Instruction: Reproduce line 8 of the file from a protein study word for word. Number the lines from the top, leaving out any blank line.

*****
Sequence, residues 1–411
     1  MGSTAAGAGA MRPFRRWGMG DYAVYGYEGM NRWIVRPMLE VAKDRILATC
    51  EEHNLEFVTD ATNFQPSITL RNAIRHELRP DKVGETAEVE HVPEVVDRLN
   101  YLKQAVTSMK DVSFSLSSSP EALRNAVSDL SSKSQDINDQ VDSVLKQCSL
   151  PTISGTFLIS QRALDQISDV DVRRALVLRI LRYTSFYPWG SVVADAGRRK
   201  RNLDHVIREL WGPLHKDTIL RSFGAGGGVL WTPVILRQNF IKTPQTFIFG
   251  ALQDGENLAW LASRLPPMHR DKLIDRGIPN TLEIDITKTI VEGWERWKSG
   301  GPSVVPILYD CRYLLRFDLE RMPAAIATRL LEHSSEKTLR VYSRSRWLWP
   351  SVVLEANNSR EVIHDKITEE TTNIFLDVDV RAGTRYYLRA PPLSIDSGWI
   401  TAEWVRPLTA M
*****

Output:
   301  GPSVVPILYD CRYLLRFDLE RMPAAIATRL LEHSSEKTLR VYSRSRWLWP